When was Valentine’s Day first celebrated?

From 13 to 15 February, ancient Romans celebrated the feast of Lupercalia. Many believe that the origins of Valentine’s Day can be traced back to this ancient fertility festival. To mark the occasion Roman men sacrificed goats before using their skins to whip women in the belief that this would make them fertile. Some historians have argued that at the end of the 5th century, Pope Gelasius I declared 14 February to be Valentine’s Day in an attempt to reclaim this festival from the Romans and Christianise it.


It’s not clear which Saint Valentine this day was initially dedicated to, as two saints with this name share the feast day of 14 February. Both of these saints were martyred in Rome; Valentine of Terni in around AD 197 and Valentine of Rome in around AD 496.

Many legends have been recorded about the latter St Valentine, but these are most likely apocryphal. These include the story that Valentine himself fell in love with his jailor’s daughter while incarcerated for giving aid to prisoners. According to this tale, St Valentine wrote his inamorata a note signed “from your Valentine”: the first Valentine’s greeting. However, while this fanciful story is compelling, it is unlikely to be true.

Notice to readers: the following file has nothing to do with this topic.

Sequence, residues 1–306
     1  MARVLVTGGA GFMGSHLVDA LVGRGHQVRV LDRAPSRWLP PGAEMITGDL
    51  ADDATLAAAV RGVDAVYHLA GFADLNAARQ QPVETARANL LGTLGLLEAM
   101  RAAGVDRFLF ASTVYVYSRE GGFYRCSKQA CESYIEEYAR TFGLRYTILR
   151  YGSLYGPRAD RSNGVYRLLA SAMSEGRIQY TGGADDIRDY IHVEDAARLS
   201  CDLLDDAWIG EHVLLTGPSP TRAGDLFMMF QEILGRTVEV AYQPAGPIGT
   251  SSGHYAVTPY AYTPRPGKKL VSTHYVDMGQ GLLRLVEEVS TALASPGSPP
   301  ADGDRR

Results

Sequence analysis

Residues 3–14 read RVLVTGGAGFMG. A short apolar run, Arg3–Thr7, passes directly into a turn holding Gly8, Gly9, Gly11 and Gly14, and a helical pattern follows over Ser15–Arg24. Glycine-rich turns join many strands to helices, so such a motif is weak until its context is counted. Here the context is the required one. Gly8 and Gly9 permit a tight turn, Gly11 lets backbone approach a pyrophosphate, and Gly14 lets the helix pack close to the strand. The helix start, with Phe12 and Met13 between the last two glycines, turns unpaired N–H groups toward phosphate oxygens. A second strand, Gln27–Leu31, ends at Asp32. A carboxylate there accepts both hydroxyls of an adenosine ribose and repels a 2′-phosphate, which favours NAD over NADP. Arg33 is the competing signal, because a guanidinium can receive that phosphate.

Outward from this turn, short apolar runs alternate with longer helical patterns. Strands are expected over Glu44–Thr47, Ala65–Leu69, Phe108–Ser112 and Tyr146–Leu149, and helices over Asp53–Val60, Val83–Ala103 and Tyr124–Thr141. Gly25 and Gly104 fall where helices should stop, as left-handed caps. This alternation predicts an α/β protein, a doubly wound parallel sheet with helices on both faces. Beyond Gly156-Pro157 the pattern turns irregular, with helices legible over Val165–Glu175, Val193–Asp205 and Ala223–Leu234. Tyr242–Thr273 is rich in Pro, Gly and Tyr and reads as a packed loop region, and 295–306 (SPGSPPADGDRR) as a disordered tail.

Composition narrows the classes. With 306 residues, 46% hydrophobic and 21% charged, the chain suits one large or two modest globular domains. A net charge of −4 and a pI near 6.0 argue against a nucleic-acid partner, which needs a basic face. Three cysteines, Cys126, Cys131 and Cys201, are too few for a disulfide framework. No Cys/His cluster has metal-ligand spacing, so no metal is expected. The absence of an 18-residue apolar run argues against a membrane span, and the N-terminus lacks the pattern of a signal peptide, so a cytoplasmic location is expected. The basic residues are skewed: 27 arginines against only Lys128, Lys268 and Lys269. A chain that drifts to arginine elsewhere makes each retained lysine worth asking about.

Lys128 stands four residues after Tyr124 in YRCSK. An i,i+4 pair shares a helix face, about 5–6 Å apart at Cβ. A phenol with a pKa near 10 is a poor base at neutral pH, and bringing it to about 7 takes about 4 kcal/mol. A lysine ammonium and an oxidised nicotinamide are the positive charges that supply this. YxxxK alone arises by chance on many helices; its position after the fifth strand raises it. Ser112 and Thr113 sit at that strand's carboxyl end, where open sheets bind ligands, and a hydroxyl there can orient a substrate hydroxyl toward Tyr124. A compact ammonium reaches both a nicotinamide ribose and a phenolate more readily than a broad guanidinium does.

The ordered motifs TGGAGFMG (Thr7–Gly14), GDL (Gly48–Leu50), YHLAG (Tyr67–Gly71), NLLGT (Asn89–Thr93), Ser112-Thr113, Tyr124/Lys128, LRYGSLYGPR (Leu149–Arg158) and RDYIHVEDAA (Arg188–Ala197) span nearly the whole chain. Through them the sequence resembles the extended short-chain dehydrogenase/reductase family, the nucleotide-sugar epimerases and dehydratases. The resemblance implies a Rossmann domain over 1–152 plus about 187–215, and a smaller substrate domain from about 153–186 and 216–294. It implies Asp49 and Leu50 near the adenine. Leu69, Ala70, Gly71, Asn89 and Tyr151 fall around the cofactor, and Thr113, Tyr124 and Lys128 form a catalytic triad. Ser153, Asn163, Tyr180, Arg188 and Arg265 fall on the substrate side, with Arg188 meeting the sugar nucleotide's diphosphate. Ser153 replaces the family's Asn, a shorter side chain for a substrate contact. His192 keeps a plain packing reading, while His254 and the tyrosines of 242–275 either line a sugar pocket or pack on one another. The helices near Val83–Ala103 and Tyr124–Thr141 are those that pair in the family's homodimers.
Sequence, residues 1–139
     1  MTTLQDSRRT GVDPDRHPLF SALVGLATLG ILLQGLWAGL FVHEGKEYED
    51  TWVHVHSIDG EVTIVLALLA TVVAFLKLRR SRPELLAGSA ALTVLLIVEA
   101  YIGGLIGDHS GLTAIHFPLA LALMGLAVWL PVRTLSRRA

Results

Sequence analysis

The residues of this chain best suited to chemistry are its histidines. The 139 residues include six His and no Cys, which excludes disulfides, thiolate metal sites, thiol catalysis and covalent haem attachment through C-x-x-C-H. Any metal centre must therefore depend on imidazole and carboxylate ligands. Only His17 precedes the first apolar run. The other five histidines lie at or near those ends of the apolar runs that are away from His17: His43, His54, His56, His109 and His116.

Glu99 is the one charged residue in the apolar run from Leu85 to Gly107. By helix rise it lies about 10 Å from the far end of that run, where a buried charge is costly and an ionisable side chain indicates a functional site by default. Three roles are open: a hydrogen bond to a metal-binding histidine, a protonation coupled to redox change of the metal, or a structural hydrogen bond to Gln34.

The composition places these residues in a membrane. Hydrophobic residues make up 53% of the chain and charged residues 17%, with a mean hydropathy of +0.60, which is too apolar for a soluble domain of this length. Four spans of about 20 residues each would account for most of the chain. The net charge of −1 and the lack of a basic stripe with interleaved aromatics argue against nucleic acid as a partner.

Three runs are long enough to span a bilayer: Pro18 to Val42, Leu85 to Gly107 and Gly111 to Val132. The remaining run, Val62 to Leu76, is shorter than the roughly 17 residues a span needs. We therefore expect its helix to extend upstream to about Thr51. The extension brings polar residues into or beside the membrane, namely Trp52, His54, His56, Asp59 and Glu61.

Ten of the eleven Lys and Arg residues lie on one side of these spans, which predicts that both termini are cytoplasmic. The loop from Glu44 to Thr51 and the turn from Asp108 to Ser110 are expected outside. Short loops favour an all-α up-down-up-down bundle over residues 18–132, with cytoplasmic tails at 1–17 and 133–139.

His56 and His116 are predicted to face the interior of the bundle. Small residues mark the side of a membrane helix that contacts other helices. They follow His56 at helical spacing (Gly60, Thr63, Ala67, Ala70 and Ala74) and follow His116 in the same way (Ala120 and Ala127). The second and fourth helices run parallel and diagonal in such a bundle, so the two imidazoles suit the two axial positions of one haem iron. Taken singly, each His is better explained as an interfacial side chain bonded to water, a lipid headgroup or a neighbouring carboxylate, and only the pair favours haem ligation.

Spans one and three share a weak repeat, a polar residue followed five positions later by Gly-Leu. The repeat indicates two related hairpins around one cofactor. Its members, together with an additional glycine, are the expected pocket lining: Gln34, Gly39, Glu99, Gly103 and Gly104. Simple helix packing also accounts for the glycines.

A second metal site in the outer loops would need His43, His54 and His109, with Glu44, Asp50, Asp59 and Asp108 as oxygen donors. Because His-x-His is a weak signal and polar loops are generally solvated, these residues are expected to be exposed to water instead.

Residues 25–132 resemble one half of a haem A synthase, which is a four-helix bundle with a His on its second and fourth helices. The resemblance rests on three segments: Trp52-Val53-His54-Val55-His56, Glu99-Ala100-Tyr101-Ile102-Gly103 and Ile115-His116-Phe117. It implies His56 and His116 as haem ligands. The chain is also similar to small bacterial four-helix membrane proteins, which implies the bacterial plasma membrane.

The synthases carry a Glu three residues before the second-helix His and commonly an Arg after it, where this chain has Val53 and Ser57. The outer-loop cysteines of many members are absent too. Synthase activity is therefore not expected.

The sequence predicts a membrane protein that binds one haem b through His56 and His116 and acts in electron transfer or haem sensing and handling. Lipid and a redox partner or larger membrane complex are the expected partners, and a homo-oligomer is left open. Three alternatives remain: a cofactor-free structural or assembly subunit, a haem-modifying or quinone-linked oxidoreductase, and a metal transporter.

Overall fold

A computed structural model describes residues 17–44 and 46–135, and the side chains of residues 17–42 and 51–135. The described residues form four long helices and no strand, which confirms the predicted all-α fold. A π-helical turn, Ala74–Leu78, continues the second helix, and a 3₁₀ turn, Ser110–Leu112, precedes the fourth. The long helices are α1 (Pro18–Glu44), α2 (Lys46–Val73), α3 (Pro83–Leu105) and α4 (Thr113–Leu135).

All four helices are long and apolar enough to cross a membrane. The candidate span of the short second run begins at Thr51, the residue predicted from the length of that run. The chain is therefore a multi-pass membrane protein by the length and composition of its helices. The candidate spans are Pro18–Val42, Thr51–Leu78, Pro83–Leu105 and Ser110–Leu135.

The next milestone in the history of Valentine’s Day came in 1382, when Geoffrey Chaucer wrote his poem Parlement of Foules. This poem contains what is widely reported to be the first recorded instance of St Valentine’s Day being linked to romantic love. This reference can be found in the lines:

For this was on seynt Volantynys day

More like this

Whan euery foul comyth there to chese his make.

Not everyone agrees that Chaucer was referring to 14 February here, however. Some have argued that he was instead talking of May time, when birds are more likely to mate in England. This coincides with the feast of St Valentine of Genoa, which also falls in May. Nevertheless, the story of Chaucer’s connection with Valentine’s Day is often repeated.

Roses are red: the first Valentine’s greetings